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Page:United States Reports, Volume 2.djvu/136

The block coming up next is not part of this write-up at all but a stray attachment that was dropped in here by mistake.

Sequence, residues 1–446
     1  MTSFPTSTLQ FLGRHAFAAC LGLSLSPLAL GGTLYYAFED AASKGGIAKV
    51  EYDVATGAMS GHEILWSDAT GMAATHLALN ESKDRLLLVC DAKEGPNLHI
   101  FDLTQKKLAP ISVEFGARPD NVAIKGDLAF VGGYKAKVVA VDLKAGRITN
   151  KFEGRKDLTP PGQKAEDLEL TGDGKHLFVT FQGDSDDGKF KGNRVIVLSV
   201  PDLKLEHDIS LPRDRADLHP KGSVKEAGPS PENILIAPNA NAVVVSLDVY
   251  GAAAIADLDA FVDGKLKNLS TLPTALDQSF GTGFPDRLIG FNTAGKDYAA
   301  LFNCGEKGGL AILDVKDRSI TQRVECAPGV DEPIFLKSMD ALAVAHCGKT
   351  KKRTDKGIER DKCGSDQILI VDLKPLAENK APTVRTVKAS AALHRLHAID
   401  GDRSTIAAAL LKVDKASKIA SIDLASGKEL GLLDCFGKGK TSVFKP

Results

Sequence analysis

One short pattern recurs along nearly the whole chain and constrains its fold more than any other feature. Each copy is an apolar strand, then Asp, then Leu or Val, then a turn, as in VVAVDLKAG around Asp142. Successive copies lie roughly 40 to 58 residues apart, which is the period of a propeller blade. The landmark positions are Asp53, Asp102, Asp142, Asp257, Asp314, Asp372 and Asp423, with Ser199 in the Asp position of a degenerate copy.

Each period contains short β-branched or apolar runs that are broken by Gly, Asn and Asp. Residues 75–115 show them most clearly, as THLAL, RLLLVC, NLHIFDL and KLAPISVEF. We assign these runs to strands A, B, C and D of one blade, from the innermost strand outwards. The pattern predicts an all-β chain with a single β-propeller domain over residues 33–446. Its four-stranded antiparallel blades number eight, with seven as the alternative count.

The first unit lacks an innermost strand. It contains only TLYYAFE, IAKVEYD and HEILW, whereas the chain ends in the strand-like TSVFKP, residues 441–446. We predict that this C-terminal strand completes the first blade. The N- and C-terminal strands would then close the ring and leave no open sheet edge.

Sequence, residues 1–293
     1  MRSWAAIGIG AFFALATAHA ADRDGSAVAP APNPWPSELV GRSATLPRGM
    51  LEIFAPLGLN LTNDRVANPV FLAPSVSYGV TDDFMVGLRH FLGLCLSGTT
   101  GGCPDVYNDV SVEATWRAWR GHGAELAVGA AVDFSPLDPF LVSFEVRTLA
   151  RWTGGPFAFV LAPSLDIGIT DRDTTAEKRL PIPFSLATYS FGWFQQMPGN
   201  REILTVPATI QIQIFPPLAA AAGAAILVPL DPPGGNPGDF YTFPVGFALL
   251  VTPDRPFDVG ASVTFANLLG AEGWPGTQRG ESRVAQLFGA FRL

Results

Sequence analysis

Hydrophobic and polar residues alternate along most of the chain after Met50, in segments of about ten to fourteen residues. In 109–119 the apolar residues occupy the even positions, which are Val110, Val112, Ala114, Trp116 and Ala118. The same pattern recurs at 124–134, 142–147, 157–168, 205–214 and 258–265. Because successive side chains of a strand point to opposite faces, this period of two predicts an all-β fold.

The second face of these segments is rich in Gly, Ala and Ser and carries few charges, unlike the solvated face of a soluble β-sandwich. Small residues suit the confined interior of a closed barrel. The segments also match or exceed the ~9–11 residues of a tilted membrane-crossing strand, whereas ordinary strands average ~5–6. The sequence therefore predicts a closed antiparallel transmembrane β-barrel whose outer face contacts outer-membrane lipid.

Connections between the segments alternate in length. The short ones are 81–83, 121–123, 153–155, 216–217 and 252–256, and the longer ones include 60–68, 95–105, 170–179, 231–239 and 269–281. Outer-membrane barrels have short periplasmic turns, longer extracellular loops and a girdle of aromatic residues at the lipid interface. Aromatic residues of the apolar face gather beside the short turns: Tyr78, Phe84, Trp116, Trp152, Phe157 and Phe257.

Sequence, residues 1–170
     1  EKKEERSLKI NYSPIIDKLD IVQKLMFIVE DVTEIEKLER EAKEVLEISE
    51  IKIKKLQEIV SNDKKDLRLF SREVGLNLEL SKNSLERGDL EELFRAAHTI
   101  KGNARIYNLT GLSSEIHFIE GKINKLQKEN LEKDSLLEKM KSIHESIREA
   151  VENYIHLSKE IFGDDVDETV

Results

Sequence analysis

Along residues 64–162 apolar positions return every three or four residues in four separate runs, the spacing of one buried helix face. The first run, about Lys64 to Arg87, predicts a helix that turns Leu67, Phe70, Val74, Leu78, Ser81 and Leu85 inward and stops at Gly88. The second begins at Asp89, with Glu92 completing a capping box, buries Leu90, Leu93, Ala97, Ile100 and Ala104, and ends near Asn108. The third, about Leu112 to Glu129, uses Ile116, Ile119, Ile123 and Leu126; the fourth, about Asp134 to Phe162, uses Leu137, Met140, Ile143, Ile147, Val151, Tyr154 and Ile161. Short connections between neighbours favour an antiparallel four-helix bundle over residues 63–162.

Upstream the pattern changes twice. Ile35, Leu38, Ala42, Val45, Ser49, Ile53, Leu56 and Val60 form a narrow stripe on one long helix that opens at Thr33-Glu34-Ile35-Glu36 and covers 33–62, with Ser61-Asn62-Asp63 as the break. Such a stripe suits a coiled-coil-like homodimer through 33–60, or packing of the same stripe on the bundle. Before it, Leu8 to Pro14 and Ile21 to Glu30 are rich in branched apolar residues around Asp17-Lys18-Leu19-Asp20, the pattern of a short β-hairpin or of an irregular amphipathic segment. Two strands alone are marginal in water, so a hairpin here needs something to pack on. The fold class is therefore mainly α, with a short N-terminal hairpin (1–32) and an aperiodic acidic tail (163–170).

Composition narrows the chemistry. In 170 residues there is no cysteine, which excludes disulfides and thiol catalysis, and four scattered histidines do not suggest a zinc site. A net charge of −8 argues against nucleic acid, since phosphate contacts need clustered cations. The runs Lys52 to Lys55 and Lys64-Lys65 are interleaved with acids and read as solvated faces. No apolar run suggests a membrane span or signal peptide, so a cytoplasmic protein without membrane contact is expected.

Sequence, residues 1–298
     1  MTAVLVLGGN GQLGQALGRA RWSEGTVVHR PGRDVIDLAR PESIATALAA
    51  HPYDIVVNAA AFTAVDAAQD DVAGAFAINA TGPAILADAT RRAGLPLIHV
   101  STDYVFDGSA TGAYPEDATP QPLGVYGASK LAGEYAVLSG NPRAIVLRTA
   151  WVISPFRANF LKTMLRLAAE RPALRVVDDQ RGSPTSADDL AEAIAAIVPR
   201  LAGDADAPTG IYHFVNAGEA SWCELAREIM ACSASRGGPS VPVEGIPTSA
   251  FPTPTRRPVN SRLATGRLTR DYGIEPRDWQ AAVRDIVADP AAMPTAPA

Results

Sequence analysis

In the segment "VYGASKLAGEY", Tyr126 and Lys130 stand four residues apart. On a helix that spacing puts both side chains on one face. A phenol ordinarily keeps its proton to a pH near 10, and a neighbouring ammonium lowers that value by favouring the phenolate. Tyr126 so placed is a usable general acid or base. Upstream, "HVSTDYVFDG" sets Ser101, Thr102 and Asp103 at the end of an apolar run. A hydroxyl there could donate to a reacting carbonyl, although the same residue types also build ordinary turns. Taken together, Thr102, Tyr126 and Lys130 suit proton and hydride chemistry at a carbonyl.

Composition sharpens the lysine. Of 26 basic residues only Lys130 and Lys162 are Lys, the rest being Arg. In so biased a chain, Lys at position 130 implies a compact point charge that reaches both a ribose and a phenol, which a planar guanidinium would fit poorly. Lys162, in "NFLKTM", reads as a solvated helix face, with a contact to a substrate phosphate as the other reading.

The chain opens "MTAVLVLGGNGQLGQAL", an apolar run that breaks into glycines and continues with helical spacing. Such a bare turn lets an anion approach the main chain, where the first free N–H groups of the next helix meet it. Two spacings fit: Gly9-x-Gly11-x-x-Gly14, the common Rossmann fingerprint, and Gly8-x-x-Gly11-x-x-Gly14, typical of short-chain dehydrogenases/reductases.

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rgo Casas ruled and adjudged in the 1.791. (1 Va!. Dall. Edit. p. 487) " Settlers who have been driven from ars! their habitations in the courfe of the war, or have remained therein, and during the faid time, with much fulferin and at great rifques.” The defendant could acquire no right by mere- lylclearing an acre of land, which was, in fait, a violation of e law ; and, confequently, he had no power to leal'e the pre- mifes. The " rcfolute flaw! aud fuliErings," which the Legif- lature intended to favor, meant a relidcnce and remaining upon the plantation claimed; defending the very fpot from the ene- my; and not a general enliftment in the army. The pre-emp- tion was deftined for the fettlers who defended the foil ; other rewards, donation lands, 8:c. were given to thofe who became foldiers. The plaintid, therefore, was not in potfeflion under the defendant; but as foon as he got poifeflion of the leafe (and how thiswas done is of no importance in law) he difavowed anyrfuch derivative occupancy, and aiferted his own title. or the defendant, it was urged, that the adverfe conltru&.i- on put upon the af} of Alfembly, was inconliltent with jultice. The plaintiff was, in far], the defendant's tenant; the pofiiel`- lion of the former was the polfeilion of the latter; and the law ought never to be fo interpreted as to encourage fraud. Belides, a. foldier is always conlidered to be relident at his home; he makes •‘ a refolute {land" in the fervice of his country ; and is fairly within the meaning of the Legillaturc, exprelfed in the a& already cited. But the a& of gotlr-Dmmlw, 1786, (2 Vol. Dall. Edit. 487.) illullrates, andfonforees this coniiruétion, de- claring in the gd feéiion, that ·‘ by a fettlement {hall be under- {food, an aétual perfonal relident fettlement, with a manifefl: intention of making itaplace of abode, and means of fupport- ing a family, and continued from time to time, unlefs interrupt- ed by the enemy, or going into rl-: military _/Prvice gftbi: mm- hy during the ·war." Br rua Comvr :-This cafe involves two queltions; the oneaqueltion of fa&, and the other a quellion of law. On the former, it is the province of the Jurylto decide; but, in our opinion, it appears clearly in favour of t e lell`or of the plaintilli Vith refpeél: to the latter, we deem it equally clear on the fame (ide. The defendant made the lirli improvement ; and he con- tinued his pollellion, ’till, at the call of his country, he entered into the army. In doing fo, we conlider his conduct, at leail: as meritorious, as the conduét of thofe, who flood their ground, in defenfe of their own plantations. But by engaging in the public fervicc he did not relinquilh his relidcnce; and, regard- ing (as we mull: do) the pl;:intil`l` in the light of the defcndant’s tenant, the plaintifi"s po1Teiiion and improvement arc, in con- templation of hw, the polfeflion and improvement of the defen- dzmt. Farr